They say that many hands make light work. Well, for African penguins, many beaks make for bountiful hunts, according to a new study in Royal Society Open Science. The results suggest that dwindling populations may have greater consequences than previously realized.
African penguins (Spheniscus demersus), or “jackass” penguins after their donkey-like calls, are currently endangered. Found only on the southern tip of Africa, populations of these flightless birds have dropped from an estimated 4 to 5 million in 1800 to a mere 50,000 or so animals today. Their situation is considered so dire that, if the penguins do not begin to rebound soon, it’s predicted they’ll go extinct in about a decade.
The steep decline in numbers is thought to be tied to the availability of the penguins’ food—small, schooling fishes that hang out in the open ocean just offshore. The species they hunt, including sardines and anchovies, have suffered as well from extensive purse-seine fishing, and recent oceanographic changes have caused the fishes to move eastward and further from the hungry penguins. Understanding how these birds feed could reveal management options that would best help rectify the food situation, so South African scientists decided study the foraging habits of these diving birds in the hope that it may provide the key to ensuring their continued survival.
African penguins group hunting
African penguins regularly form large groups at sea, corralling small baitfishes into balls. But such behaviors require a certain mass of animals, so scientists have worried that as populations dwindle, the animals may suffer from the loss of their numbers, a phenomenon scientists refer to as an Allee effect. “However, little is known on the range of foraging strategies employed by this species and, as is the case for all penguins, there is no information on the potential benefits associated with group foraging,” the authors of the new study explain.
To get a closer look at the animals’ foraging behaviors, the scientists equipped 12 adult birds from the Stony Point colony with back-mounted cameras. The video footage allowed the scientists to record feeding events as well as hunting strategies. They could then compare how successful the animals were when they hunted alone or in groups.
As the researchers combed through nearly 14 hours of video, they watched the penguins search for food, chase down prey, and preen one another at sea. The penguins were most successful at catching fish when they worked as a team, driving schools of anchovy into tight balls near the surface (a feeding behavior often seen in dolphins). The penguins easily picked off any adventurous anchovies that attempted to break away from the school. Overall, penguins were about twice as successful when hunting as a team than by themselves, but they were only observed hunting in groups about 1/3 of the time.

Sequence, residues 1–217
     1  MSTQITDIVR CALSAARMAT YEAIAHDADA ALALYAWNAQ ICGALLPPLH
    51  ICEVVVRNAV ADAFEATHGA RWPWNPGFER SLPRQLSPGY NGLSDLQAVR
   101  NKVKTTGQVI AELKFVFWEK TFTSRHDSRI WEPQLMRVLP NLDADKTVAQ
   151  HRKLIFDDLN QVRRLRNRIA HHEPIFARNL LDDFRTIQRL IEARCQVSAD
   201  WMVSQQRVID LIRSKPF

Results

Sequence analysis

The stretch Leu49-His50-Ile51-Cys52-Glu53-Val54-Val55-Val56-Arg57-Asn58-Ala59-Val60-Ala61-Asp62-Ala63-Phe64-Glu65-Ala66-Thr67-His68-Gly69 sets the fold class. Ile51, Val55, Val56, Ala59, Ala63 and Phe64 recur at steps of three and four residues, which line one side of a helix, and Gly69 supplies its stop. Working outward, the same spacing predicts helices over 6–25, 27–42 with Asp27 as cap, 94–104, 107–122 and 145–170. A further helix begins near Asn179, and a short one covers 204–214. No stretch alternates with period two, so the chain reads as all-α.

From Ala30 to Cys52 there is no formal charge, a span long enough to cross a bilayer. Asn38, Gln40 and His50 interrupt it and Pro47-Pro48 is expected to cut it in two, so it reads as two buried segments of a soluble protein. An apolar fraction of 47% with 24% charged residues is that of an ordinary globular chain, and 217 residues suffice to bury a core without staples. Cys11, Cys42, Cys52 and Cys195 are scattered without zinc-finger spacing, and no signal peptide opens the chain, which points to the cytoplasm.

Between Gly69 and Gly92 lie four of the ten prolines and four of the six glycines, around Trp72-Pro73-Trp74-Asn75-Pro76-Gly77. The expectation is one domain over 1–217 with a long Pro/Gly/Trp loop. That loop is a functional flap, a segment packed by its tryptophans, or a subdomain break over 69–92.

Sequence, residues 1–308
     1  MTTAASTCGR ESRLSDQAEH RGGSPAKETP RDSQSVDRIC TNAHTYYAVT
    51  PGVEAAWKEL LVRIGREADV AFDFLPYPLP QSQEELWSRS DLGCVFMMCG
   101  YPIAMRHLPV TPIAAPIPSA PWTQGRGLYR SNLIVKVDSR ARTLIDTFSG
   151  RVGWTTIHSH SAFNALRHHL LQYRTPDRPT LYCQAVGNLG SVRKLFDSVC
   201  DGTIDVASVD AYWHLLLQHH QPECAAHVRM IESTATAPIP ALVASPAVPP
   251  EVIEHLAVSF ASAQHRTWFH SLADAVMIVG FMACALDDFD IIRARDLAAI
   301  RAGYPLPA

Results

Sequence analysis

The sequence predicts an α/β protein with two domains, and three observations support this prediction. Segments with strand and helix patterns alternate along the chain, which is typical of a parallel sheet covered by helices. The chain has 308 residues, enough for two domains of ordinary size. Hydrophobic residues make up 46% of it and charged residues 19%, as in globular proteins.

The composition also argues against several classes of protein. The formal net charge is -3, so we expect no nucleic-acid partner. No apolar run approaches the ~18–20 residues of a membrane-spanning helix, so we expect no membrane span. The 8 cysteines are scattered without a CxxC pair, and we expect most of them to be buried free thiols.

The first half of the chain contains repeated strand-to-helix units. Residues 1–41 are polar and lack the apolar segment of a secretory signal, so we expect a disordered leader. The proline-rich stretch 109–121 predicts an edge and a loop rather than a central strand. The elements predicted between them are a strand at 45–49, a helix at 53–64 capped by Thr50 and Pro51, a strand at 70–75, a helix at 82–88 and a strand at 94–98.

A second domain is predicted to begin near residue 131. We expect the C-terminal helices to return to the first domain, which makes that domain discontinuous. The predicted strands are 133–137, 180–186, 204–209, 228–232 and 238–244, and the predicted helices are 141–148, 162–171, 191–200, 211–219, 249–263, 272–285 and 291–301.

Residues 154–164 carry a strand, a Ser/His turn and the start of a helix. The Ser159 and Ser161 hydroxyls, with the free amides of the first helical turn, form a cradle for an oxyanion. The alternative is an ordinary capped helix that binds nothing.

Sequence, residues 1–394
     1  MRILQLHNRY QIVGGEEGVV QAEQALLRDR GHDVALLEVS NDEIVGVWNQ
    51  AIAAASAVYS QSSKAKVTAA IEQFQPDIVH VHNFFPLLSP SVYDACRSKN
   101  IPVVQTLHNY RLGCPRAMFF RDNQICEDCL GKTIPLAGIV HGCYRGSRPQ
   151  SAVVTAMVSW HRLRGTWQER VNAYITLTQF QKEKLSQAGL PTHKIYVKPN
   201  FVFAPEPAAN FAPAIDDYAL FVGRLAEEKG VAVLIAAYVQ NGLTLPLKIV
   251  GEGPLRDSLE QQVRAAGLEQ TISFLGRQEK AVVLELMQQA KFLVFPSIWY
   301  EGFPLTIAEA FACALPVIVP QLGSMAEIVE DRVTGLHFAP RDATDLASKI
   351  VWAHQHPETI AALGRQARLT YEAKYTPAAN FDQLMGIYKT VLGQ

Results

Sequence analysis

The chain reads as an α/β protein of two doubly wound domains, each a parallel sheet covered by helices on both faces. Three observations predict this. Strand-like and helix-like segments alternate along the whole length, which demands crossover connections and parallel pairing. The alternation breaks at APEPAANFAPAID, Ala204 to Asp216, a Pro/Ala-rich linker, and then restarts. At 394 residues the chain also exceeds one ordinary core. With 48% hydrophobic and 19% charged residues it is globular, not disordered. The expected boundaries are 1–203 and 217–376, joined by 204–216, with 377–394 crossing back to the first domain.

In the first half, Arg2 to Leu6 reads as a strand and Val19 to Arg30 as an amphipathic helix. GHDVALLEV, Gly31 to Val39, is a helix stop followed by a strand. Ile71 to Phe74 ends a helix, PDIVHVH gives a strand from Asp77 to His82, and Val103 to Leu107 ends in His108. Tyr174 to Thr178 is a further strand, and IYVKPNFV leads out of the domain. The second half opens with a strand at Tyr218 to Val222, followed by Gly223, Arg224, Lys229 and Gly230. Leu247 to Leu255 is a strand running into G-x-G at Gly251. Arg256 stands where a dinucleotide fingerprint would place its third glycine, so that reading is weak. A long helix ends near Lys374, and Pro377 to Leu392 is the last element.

The clear advantage to group hunting seen in this study underscores the importance of conservation efforts. “The facilitative benefits of group foraging as shown for penguins from Stony Point may be compromised under smaller populations,” the authors explain, suggesting the animals may indeed already be suffering from Allee effects. “Historically, at a time when populations were significantly larger than today, the majority of African penguins recorded at sea were in groups,” so the infrequency of group hunting observed may be because populations are already too small — “a reflection of sub-optimal conditions.”
“The findings of this research reinforce the need to prevent further population declines of African penguins, which could partly be achieved through the sustainable management of schooling prey resources around penguin breeding colonies,” the authors conclude.
Citation: McInnes AM et al. 2017. Group foraging increases foraging efficiency in a piscivorous diver, the African penguin. R. Soc. open sci. 4: 170918. doi:10.1098/rsos.170918